Nestle, the Swiss food giant, has in recent years developed a new coffee offering to supplement its longtime megabrand Nescafe, now going downscale and tired except in some developing countries. Called Nespresso, it is a single-serve upscale coffee pouch coming in endless flavors – some of which actually have vintages (!) indicating what year’s coffee crop they come from -- and brewed in striking modernistic for-the-home coffee machines, sold in special stores devoted only to all things Nespresso. (I believe there are now a few of these outlets in the U.S.)
The heart of Barcelona has the largest Nespresso store I have ever seen, with almost 30 counters and a take-a-number system like in deli departments in supermarkets. This monument to consumerism, which features a stupendous variety of gorgeous coffee brewing machines for sale, was very crowded when I went inside a weekday afternoon. Sales were brisk. One theory, I understand, is that these gourmet coffees are an affordable pleasure for people who can’t afford other pleasures – my understanding is that Starbucks sales held up well during the U.S. economic crisis in 2008 and 2009 for the same reason. (The Starbucks in Spain, although not ever-present as in some other countries, are also extremely crowded.)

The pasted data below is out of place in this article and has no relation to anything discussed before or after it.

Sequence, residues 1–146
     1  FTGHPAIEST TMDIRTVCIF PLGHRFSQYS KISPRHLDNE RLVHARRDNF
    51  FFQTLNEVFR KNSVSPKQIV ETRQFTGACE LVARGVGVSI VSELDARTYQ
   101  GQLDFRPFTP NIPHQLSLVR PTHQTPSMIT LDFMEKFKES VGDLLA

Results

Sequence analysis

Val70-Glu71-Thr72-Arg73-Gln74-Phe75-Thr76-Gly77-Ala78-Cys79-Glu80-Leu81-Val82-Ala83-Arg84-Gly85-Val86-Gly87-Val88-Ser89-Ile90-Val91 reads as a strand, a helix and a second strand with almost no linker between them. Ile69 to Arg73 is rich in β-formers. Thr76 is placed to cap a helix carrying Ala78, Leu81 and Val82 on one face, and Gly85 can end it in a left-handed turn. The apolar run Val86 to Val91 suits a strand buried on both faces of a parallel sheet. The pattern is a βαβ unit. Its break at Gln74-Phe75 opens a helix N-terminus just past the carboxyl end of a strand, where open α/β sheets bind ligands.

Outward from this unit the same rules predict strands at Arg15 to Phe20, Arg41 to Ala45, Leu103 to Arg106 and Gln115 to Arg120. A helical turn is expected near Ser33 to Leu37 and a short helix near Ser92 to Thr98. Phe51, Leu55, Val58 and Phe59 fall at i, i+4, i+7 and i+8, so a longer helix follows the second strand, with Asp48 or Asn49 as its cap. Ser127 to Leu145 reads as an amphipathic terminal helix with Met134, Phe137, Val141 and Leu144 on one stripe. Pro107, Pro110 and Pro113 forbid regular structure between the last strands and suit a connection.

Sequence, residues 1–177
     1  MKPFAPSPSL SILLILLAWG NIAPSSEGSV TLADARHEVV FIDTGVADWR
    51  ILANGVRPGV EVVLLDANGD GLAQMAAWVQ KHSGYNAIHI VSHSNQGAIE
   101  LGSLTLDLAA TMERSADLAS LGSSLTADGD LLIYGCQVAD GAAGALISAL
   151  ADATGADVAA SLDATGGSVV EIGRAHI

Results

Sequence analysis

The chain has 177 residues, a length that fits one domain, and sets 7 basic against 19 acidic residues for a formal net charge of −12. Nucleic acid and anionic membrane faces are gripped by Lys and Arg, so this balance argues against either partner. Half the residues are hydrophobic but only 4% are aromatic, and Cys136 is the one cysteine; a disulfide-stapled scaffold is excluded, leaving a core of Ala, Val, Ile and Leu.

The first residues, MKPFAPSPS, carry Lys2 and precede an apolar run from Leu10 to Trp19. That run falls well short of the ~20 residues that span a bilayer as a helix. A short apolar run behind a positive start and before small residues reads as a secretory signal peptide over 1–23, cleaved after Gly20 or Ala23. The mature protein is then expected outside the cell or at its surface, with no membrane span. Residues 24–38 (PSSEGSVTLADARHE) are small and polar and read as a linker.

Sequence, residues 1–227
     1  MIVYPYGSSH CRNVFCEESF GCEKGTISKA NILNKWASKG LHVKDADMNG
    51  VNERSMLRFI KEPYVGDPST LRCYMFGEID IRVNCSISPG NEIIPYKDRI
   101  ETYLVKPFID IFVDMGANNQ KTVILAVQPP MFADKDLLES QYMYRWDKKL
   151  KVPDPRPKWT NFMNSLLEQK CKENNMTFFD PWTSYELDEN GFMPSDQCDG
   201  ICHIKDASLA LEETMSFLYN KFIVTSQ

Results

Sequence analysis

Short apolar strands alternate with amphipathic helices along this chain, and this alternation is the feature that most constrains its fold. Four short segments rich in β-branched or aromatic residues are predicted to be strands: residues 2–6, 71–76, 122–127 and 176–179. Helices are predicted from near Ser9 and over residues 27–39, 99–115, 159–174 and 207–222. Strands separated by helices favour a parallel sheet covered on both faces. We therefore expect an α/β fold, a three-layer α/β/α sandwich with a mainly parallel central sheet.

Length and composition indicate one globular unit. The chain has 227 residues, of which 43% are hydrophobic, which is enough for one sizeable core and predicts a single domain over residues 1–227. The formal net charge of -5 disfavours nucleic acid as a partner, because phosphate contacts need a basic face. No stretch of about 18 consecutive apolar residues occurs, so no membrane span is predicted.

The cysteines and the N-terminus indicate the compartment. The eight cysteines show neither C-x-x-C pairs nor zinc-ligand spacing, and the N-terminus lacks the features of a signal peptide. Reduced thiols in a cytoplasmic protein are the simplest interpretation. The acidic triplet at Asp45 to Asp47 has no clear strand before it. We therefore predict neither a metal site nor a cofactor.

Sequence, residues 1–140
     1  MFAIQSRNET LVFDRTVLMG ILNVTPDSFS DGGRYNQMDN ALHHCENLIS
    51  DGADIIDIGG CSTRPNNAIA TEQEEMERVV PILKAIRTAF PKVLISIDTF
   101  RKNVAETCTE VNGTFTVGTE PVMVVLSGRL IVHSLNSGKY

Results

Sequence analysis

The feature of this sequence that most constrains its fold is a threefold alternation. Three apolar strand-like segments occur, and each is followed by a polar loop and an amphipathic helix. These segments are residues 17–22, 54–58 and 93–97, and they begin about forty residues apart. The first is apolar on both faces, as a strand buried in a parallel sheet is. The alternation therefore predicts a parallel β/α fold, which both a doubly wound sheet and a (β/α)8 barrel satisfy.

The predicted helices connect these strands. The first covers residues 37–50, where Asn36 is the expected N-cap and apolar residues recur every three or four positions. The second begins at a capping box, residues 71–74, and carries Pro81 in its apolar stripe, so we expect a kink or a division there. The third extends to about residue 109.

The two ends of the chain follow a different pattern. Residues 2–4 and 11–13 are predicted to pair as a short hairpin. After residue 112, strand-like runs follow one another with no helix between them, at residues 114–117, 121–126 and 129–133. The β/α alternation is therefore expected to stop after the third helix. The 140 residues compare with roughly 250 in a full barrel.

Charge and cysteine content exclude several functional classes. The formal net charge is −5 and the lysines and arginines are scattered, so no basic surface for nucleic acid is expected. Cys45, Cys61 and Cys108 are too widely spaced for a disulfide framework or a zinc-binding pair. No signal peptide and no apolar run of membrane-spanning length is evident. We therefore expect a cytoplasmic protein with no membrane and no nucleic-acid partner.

The French daily Le Figaro ran a story about the continued sales growth of Hennessy cognac, still managed by the family of the Irishman Richard Hennessy who began the brand, though now owned by the French luxury conglomerate LVMH, which also owns Louis Vuitton, probably Asia’s most iconic French brand. One thing I learned from the article is its status among black musicians, starting with the jazz legend Miles Davis, who preferred it to Scotch, which he regarded as a white drink, and continuing through rappers such as Tupac Shakur and Jay-Z. In the last decade, U.S. sales of Hennessy have increased from 600,000 to 2 million cases a year, and each year the town of Cognac, France, where Hennessy is made, has a Blues Passion festival including blues and rap.